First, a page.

‘Long-term equity outlook is hugely positive’

Ashwen Ojha Mumbai | Updated on January 08, 2018

STEVE BRICE, Chief Investment Strategist, Group Wealth Management, Standard Chartered

“Trump staying or not staying in office would not matter much to markets,” says Steve Brice, Chief Investment Strategist, Group Wealth Management, Standard Chartered. Excerpts:

How do you see the financial markets shaping up from here?

The global economic environment is constructive. Reflation, i.e., global growth acceleration and rise in inflation are the themes that will play out going ahead. Within equities, Euro Zone and Asia ex-Japan are favourable for us.

The dollar is expected to remain weak for the next 12 months which is a good backdrop for flows to continue coming in to emerging market assets, both equity and debt. In India, while the long-term equity outlook is hugely positive, the upside seems to have been priced in already in the short run. The overweight view has shifted to China from India.

Will markets be affected when central banks pull out liquidity?

Markets are expecting the pull-back from monetary stimulus to be very gradual and hence, there is no panic. Even when money starts trickling out from bonds, we see it going towards equity markets. As long as there are continued corporate earnings, the market can continue to do reasonably well and valuations can still go up. The worrying factor, especially in terms of the Indian market, would be the kind of money which is chasing it.

How come inflation is not going up? Do you think Trump has been able to bring in much of a change?

Partly, as there is excess capacity in product markets. Capacity utilisation is not high (this is applicable for both India and the US). Also, debt is very high in both economies as of now.

We are just expecting a 50 basis point rate hike in the coming year, which is a conservative outlook.

In the US, tax cuts won’t happen before the debt ceiling, which needs to be watched.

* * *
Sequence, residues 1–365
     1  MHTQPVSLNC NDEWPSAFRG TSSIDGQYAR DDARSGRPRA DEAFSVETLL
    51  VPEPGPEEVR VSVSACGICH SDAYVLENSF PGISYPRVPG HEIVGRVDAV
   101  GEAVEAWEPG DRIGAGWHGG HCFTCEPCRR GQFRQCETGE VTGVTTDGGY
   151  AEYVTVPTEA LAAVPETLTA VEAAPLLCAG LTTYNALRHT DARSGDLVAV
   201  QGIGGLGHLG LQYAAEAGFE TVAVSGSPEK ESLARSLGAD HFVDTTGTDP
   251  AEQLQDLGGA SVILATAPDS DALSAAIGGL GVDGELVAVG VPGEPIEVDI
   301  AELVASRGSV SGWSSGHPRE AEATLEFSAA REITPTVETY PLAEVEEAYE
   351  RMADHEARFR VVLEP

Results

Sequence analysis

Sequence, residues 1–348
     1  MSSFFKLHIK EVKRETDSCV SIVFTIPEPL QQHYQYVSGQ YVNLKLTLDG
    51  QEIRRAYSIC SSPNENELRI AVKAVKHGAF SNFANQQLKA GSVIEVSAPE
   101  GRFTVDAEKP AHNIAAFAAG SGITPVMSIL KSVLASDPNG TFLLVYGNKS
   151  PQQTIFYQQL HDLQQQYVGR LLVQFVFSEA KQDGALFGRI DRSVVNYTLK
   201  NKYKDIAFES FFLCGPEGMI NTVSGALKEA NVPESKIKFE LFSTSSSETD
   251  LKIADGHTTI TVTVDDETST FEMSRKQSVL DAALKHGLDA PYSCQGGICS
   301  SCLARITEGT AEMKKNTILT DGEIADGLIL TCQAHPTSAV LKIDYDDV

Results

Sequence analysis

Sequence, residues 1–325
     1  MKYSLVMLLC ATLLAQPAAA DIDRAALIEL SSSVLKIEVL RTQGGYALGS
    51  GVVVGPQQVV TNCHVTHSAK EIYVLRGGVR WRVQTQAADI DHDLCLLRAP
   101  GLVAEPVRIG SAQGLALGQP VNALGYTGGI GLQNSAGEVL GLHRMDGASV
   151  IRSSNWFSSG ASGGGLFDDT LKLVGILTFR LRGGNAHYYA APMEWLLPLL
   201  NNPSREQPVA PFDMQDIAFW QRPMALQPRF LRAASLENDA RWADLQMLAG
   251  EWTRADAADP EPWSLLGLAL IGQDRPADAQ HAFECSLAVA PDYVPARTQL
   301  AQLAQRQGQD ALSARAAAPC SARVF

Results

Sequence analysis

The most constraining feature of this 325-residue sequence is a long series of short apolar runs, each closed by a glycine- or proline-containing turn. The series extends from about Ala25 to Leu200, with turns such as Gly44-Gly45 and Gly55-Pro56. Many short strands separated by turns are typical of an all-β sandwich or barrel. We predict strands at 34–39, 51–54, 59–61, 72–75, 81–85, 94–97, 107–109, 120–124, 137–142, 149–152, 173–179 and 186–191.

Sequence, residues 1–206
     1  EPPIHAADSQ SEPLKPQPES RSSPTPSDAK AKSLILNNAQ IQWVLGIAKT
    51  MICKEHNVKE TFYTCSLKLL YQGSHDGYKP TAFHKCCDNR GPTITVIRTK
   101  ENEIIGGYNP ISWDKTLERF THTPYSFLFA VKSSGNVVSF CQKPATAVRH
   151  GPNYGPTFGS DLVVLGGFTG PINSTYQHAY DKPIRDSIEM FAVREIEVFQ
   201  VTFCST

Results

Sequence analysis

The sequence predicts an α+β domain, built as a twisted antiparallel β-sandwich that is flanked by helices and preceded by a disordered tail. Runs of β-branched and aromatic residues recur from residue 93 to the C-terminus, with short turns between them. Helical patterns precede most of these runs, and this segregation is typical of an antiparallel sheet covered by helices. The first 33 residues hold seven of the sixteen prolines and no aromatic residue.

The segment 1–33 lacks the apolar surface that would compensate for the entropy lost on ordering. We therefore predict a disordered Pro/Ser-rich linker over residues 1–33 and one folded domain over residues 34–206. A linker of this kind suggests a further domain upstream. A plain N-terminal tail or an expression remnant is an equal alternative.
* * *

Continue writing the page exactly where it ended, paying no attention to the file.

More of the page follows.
Our view is, Trump staying or not staying would not matter much to markets.

How soon do you see the corporate investment cycle in India picking up?

Maybe in the next quarter but not very robust. Instead, there is an expectation that government spending will pick up in a big way. In the short term, people are still trying to figure out the nuances of the GST and the complexity affecting business and slowing down productivity. This said, the sentiment abroad is very positive for India.

International investors are looking at macro-economic stability which has improved considerably. In India, just by improving the micro-economic factors, which means making it easier to do business, would reflect in growth rate.

Are markets discounting all the geopolitical tensions with regard to North Korea?

The timeline involving North Korea has been shortened after the testing of the hydrogen bomb as the quicker they are nuclear-capable, the better it is for the markets as then they would be ready to negotiate with other parties involved.

Is China still on the path to growth?

Currently, the Chinese Premier is looking to build a power base whereas he becomes powerful, his trusted aides are also gaining power. Once that is out of the way, the President will try and secure his legacy. In order to do that he has to address the debt problem and that should be priority number one. To be honest, nothing has been done yet to solve the issue. They have tried it in a minimal manner with shadow banking and few other things but they have not really succeeded.

Published on October 12, 2017

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